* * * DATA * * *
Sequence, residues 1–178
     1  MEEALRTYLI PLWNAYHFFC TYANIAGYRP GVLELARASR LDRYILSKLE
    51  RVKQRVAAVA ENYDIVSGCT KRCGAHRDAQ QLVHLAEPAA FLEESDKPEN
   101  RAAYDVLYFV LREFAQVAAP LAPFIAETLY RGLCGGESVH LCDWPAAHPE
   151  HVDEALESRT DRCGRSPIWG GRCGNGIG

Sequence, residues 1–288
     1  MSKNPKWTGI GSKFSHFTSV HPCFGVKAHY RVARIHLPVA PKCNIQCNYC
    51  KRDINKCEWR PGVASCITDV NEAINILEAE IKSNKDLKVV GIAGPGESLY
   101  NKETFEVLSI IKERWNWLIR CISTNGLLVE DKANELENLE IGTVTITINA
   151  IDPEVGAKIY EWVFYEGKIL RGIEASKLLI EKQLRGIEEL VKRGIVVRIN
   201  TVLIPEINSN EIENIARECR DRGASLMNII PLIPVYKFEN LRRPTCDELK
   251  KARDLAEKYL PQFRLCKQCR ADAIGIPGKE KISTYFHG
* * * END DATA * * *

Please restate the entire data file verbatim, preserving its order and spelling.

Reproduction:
Sequence, residues 1–178
     1  MEEALRTYLI PLWNAYHFFC TYANIAGYRP GVLELARASR LDRYILSKLE
    51  RVKQRVAAVA ENYDIVSGCT KRCGAHRDAQ QLVHLAEPAA FLEESDKPEN
   101  RAAYDVLYFV LREFAQVAAP LAPFIAETLY RGLCGGESVH LCDWPAAHPE
   151  HVDEALESRT DRCGRSPIWG GRCGNGIG

Sequence, residues 1–288
     1  MSKNPKWTGI GSKFSHFTSV HPCFGVKAHY RVARIHLPVA PKCNIQCNYC
    51  KRDINKCEWR PGVASCITDV NEAINILEAE IKSNKDLKVV GIAGPGESLY
   101  NKETFEVLSI IKERWNWLIR CISTNGLLVE DKANELENLE IGTVTITINA
   151  IDPEVGAKIY EWVFYEGKIL RGIEASKLLI EKQLRGIEEL VKRGIVVRIN
   201  TVLIPEINSN EIENIARECR DRGASLMNII PLIPVYKFEN LRRPTCDELK
   251  KARDLAEKYL PQFRLCKQCR ADAIGIPGKE KISTYFHG